Fairview Homestead | My Guest House Life
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When our children were still in school they formed a band and, as you know, a band needs to practice. When you grow up in a house that is your home as well as a guest house that proves to be a problem. Our children's solution was to claim a small storeroom below the swimming pool as their little music den. They called it Shanty 21. I asked Alex: 'why 21?' and he answered: ' every abode needs a number...' I suppose when you are 16 years old 21 sounds like a grand number to be. Shanty was kitted out with seating - discarded rickety chairs, logs covered with old carpets, lots of candles and cobwebs for ambiance - the perfect music den. The words 'herein lie the sound of music' were added next to the crude signage of 'Shanty 21'. In Summer of 2013 we decided to restore 'Shanty 21' and use it as a small guest room for single occupancy, but let us start at the beginning:

As a Guest House I joined   www.swopandstay.com  , which is a bartering group for accommodation providers - I love the look of the website and cannot wait to start swopping. Which brings me to the topic of my blogpost - why are we so adverse to bartering? If there is one thing that gets me hot under the collar it is when a prospective guest wants to bargain me down.  In the winter it actually costs me more to run my guest house - the rooms need heaters, electric blankets and the linen have to be tumble dried- so why should I lower my rates in the off-season?  Is it even fair to lower my price and in that way take the business away from another establishment and forcing them to lower their rates to the point where it is actually costing them to fill their rooms? (I'm not exaggerating - I know of one B&B that cut her prices to the point where she was actually subsidizing the guests sleeping over - how crazy is that?)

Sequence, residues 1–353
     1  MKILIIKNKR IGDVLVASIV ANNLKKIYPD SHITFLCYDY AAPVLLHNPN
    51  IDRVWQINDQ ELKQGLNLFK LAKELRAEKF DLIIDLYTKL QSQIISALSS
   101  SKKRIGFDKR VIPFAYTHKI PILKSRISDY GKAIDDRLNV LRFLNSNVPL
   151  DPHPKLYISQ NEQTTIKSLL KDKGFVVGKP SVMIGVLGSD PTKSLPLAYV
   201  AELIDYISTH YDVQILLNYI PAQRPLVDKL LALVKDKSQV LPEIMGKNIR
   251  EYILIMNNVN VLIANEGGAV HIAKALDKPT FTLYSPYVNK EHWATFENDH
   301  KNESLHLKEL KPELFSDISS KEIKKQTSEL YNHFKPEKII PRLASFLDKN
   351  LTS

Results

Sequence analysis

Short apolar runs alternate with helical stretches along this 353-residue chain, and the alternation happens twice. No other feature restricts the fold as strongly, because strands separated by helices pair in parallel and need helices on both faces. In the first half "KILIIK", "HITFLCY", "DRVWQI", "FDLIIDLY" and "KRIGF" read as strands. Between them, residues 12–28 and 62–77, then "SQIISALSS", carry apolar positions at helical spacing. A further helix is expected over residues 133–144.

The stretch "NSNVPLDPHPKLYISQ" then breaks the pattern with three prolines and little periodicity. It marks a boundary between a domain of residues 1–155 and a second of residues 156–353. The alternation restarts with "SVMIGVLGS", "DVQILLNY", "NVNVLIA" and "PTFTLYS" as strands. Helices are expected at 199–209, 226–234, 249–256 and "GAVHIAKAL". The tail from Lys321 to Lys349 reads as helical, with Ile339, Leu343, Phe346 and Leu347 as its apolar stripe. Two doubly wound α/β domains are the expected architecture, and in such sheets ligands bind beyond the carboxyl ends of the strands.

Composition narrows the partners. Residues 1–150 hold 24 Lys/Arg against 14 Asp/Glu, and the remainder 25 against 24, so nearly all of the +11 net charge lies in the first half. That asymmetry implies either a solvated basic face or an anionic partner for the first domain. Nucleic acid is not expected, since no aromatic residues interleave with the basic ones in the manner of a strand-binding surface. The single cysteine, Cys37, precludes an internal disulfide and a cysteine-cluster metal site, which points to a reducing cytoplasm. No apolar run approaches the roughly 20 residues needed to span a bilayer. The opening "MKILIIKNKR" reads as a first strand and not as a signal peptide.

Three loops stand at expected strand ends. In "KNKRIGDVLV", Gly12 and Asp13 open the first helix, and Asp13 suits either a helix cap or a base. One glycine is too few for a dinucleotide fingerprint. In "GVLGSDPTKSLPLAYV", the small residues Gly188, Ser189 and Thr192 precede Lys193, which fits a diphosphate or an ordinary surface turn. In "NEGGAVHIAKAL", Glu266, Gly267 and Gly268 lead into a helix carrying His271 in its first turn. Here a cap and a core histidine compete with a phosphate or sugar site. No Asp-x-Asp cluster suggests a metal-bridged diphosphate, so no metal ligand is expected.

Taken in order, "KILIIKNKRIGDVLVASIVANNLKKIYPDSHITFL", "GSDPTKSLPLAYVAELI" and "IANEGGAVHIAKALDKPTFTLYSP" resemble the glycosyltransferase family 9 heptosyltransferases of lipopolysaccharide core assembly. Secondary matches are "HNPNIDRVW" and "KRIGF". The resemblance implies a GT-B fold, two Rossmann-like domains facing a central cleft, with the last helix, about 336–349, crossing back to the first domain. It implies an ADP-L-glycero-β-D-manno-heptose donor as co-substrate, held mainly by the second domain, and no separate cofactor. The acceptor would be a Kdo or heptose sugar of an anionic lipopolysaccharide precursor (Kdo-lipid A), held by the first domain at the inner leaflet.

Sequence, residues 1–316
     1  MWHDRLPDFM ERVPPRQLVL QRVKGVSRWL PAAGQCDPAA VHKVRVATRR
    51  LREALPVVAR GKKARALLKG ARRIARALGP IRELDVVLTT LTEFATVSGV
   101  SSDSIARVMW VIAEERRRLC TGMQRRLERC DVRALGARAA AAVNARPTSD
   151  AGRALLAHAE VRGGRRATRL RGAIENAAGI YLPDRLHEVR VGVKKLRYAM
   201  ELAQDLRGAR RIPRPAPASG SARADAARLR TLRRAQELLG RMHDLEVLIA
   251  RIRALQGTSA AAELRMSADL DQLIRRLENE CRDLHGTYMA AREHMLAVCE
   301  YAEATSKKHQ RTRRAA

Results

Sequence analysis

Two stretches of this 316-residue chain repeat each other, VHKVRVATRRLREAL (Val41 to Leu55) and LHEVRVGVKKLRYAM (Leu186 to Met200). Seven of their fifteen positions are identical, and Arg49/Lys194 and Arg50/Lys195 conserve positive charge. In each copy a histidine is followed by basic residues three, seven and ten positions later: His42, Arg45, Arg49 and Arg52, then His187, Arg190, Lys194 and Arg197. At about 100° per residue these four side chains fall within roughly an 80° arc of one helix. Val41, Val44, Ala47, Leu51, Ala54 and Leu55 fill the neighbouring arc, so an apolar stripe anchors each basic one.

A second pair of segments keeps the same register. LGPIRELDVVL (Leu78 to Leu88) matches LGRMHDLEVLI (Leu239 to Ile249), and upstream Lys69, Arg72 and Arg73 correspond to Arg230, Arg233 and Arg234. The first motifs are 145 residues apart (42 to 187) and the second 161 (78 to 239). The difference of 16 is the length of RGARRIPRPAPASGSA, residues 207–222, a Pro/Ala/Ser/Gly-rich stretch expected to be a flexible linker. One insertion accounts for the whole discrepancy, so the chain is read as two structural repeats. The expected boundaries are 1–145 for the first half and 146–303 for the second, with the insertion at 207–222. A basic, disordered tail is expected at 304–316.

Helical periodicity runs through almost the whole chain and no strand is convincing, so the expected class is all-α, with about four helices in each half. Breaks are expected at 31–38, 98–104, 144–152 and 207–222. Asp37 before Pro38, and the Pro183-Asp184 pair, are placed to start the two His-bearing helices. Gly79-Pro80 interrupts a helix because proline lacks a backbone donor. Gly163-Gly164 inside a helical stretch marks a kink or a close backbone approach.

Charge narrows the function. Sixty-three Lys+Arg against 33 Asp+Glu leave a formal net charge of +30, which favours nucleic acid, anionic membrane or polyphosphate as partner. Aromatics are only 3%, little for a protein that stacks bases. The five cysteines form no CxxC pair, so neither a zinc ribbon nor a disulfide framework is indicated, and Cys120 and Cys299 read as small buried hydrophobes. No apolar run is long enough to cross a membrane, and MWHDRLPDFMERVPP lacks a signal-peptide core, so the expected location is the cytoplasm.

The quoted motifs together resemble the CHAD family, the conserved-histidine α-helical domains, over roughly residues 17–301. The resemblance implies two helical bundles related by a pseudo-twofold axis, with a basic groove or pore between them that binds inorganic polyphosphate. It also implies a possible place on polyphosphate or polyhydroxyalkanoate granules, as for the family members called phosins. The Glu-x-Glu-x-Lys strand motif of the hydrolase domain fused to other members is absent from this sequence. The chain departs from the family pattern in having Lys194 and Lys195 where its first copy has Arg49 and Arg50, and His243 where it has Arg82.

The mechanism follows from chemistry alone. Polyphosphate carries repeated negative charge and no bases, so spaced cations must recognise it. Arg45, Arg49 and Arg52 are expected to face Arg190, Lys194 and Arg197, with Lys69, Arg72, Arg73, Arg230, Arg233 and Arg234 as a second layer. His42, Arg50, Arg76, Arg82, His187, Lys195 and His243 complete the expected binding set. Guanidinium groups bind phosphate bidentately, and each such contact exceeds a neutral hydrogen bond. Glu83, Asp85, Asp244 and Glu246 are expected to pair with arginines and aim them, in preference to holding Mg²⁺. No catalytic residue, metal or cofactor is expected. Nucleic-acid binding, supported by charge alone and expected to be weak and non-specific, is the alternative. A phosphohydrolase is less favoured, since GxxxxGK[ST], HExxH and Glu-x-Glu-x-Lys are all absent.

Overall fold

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Before starting my guest house blog I had planned to start a blog where a few guest house owners could share stories and recipes, but it turned out that I was the only one who ever posted!

Because I blog regularly I changed to a blog-based site, where my blog posts form an integral part of my website content. I have kept the Blogspot blogging going even after the development of my new blog-based guest house website as it attracts a different readership. I am still humbled by the number of people who read my blog posts - my monthly unique visitors are a constant surprise to me.

Our children were all three still in primary school when we moved into Fairview. Within months I received my first paying guest and our children  had to learn a new set of rules: ask before you take fruit out of the fruit bowl, tell me when you finish the juice or milk, no sport equipment lying around,  no loud music, no loud shouting and the one that drove them to distraction -  no telephone calls on my dedicated guest house telephone number! This was prior mobile telephones and even though we had a private number too, their friends would phone on the guest house number and that would not be tolerated as their teenage calls could go on for hours.